The EEC's own ideas about conservation show that it has no grasp of the situation. It puts forward proposals for catch quotas that every fisherman knows are impossible to enforce. Catch quotas have been shown to be ineffective. Some EEC member nations have demonstrated how easy it is to avoid them.

Conservation needs national enforcement. It is likely to work effectively only if it is being enforced by British authorities on British vessels landing fish in British ports. Only then can the catch be tested. That is one of the greatest difficulties. British fishermen will accept conservation if they can see that it is effective and if they do not have to stand by and watch other people defying it.

An emergency exists in another sense. We have a crisis in our own fishing industry. Many vessels are tied up. We cannot accept a situation in which our own distant-water and inshore vessels are fighting it out over a mere 12 or six miles of coastal waters. It is reasonable to ask for a 50-mile limit. We should still be making a massive contribution to the EEC "pond" with the rest of our 200 miles. We could meet the needs of our own industry within the 50-mile zone, even allowing for the contraction of distant-water fishing. The other EEC nations would still have access to the outer 150 miles.

The Bill would amend section 2 of the Fishery Limits Act 1976 so that full control of access to the 50-mile zone is assumed by the British Government. Access within 50 miles by vessels of EEC States would be restricted in the same way as that by vessels of other countries into the whole 200-mile zone. If passed, the Bill would be annually renewable until such time as the EEC incorporates provisions of this nature into a new common fisheries policy. Of course, legal clashes may well arise, just as they have over Ireland. We must be prepared to face that.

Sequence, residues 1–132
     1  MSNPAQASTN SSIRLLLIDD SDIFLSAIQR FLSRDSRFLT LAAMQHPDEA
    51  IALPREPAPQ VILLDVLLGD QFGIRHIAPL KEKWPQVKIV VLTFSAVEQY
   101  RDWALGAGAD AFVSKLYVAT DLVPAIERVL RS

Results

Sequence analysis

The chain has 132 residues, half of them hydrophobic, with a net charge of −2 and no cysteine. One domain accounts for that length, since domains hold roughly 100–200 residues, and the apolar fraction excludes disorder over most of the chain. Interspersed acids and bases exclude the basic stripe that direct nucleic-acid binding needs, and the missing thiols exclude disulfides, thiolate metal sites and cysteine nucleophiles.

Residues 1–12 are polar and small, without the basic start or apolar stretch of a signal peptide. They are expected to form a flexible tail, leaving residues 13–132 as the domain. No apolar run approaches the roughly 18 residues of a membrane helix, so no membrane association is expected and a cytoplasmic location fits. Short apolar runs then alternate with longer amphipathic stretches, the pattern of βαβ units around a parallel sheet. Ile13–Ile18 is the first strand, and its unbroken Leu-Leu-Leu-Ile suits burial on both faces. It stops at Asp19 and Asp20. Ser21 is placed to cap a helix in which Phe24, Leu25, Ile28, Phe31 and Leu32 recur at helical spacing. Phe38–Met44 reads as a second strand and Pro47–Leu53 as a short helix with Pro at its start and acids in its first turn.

The industry supports the Bill. It also has the support of local authorities and hon. Members of all parties. I see no reason why, if the stalemate continues, the Government should not give time for the Bill. Even the passing of this preliminary stage today would be a clear indication that the House is serious about the future of fish stocks and our fishing industry. I hope that the Bill will meet the approval of the House.

Question put and agreed to.

Bill ordered to be brought in by Mr. A. J. Beith, Mr. J. Grimond, Mr. James Johnson., Mr. Walter Clegg, Mr. Hamish Watt, Mr. Alick Buchanan-Smith, Mr. Austin Mitchell, Mr. Douglas Henderson and Mr. Russell Johnston.